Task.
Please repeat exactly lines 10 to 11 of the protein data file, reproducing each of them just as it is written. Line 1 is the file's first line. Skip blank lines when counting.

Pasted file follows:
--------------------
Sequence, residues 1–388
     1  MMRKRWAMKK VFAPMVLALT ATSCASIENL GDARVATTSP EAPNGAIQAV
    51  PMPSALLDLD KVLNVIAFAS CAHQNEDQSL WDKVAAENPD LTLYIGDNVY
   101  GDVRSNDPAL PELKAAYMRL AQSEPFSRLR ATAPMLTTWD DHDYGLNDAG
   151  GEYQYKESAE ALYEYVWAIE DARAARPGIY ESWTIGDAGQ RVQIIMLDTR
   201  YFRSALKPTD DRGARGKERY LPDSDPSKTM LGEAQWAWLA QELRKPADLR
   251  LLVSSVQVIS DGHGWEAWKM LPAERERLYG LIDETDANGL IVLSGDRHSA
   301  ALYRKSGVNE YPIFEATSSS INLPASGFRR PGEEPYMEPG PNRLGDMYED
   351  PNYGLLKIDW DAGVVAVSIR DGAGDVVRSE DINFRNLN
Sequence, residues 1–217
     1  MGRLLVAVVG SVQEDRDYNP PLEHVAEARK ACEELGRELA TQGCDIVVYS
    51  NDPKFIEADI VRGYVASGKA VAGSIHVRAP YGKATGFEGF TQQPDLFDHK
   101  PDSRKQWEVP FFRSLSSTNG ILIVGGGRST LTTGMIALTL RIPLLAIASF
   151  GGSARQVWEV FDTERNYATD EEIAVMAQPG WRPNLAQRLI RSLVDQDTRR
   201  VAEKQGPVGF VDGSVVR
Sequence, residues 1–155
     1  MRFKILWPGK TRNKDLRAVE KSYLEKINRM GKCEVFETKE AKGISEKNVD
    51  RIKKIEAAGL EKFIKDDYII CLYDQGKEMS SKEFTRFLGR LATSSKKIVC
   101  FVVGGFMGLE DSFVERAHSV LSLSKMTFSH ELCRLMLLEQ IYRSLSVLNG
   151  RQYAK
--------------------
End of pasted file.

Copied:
Sequence, residues 1–217
     1  MGRLLVAVVG SVQEDRDYNP PLEHVAEARK ACEELGRELA TQGCDIVVYS